Mrs Lewis 

Year 9's Amersham Trip

Year 9s thoroughly enjoyed a trip to Amersham Field Centre during Activities Week. Excellent facilities offered the girls the opportunity to study biotic and abiotic factors that affected species distribution in two very different ponds.

A variety of species, including newts and leeches, stimulated the students’ interest. They studied food chains and the process of decay and they investigated transects from a path into a wooded area using quadrats and data loggers. The data they collected can be used to develop How Science Works skills in the classroom.
Dr Parker 

Ski Trip

In April 2017, 42 students from Thornton visited Alpe d'Huez in France to enjoy a fantastic week of skiing with lots of sunshine and plenty of snow. It was the first time on the slopes for many of the girls, but they quickly learnt the technique and progressed higher up the mountains.

The students were split into different ability groups and were taught by the excellent French ESF ski instructors who always made the lessons fun. Mornings were spent refining skills and techniques while the afternoons we reserved for exploring the vast ski area. The advanced group even experienced the longest black run in Europe!  

At the end of the week all the students had improved hugely and were presented with certificates. The entertainment continued into the evenings with activities ranging from a quiz night to crepe-making, a high-ropes assault course and a fancy dress disco to keep everyone busy. We all returned home tired but happy after a wonderful week.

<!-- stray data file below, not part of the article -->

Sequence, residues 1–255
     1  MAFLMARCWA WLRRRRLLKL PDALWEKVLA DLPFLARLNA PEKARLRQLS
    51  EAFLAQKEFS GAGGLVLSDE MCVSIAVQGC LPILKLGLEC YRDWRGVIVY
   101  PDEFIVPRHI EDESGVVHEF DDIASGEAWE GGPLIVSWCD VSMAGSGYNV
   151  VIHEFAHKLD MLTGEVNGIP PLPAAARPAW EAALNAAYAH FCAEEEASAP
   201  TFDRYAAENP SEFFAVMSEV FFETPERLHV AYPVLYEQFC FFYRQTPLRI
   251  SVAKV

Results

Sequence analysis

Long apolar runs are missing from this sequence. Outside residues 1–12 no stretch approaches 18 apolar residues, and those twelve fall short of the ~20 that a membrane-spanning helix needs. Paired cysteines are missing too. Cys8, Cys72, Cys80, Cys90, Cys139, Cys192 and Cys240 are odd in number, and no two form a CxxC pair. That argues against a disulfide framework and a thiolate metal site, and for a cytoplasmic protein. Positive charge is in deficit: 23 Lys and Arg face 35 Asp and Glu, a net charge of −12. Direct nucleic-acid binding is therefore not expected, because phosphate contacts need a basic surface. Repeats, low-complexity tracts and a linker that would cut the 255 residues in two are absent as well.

Night At The Musicals 2017


Senior students staged a musical extravaganza at Thornton with the entire Year 7 year group, plus some Year 8s and Lola from Year 10, raising the roof of the Assembly Hall with their own classy take on some of theatre land’s most-loved musicals.

With a sparkle in their steps and razzle dazzle in their voices, students performed top-tapping hit after hit. From the opening rousing number, they took us through solo pieces and big group production numbers, covering songs from the likes of MatildaWicked,
Cats and Guys and Dolls.

Activities Week 2016

Towards the end of Trinity Term 2016, Thornton College pupils took a week off-timetable and replaced traditional lessons with exciting adventure holidays and day trips as well as one-of-a-kind activities within the school grounds.

Below is a taster of what the various year groups enjoyed.

Year 7s in France

Year 7 pupils visited the Château de la Baudonnière in Normandy for a five-day trip to take part in a range of activities: fencing, climbing, photography, initiative exercises, assault course, canoeing and bread-making.

The objective of the trip was to speak French and the Château was set out to maximise their use of the language – students had to listen to instructions in French and also had to use French to ask for things. It was great to see how they coped with all the instructions, as well as see their confidence increase in the use of the language.

Students also took part in small tasks such as feeding the animals in the small farm and discovering about cider making. Evenings were spent doing sports tournaments, French quizzes and a Talent Show and all students took part in these activities with enthusiasm. Behaviour was exemplary and this added to the overall enjoyment by everyone on the trip. 
Mrs Kemble


Sixth Form Induction

Thornton College’s new sixth formers enjoyed a weekend of firsts during a challenging but highly enjoyable few days of outdoor activities at PGL Caythorpe Manor in Lincolnshire.

During a testing time while walking the high wires and scaling the trapeze pole, the girls established new friendships and deepened existing bonds. In another team-building exercise, the raft they built actually floated and nobody got too wet (other than the two girls who decided to jump into the freezing lake!). They also all survived in the ‘wild’ as they made ‘shelters’ and fire.